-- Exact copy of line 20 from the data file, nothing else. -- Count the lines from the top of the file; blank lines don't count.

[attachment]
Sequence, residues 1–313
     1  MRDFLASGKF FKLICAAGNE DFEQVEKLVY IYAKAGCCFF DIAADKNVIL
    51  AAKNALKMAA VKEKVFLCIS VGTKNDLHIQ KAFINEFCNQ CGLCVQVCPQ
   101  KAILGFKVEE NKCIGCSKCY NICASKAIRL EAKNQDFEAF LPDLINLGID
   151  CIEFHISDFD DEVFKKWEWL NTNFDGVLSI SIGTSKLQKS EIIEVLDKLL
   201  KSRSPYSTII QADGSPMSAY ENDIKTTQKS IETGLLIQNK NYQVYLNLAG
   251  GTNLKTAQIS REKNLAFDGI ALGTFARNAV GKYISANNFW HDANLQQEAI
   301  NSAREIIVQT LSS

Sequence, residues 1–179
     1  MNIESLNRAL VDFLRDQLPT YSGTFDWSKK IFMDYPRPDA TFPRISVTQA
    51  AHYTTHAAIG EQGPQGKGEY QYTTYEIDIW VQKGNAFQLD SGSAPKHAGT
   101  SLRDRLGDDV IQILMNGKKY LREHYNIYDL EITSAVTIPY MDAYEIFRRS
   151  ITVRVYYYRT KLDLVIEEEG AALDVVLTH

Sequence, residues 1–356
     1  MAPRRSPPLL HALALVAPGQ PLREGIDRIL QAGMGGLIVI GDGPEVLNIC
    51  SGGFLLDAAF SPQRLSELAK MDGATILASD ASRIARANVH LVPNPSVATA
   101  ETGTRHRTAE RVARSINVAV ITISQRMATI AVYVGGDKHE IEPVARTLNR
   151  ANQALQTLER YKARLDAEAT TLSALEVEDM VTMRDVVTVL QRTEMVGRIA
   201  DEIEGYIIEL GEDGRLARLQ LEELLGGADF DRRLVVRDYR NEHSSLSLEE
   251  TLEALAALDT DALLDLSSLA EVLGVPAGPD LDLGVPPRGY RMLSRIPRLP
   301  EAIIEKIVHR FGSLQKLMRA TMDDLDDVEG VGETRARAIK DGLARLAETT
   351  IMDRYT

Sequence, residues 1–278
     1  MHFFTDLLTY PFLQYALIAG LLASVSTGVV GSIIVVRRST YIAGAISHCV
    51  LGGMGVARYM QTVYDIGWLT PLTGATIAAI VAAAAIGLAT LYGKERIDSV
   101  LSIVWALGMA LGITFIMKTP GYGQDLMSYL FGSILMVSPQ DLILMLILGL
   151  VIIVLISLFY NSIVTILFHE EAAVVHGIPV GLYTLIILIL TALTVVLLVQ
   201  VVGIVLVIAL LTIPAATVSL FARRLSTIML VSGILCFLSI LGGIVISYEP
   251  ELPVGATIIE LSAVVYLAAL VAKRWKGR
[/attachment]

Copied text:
   251  TLEALAALDT DALLDLSSLA EVLGVPAGPD LDLGVPPRGY RMLSRIPRLP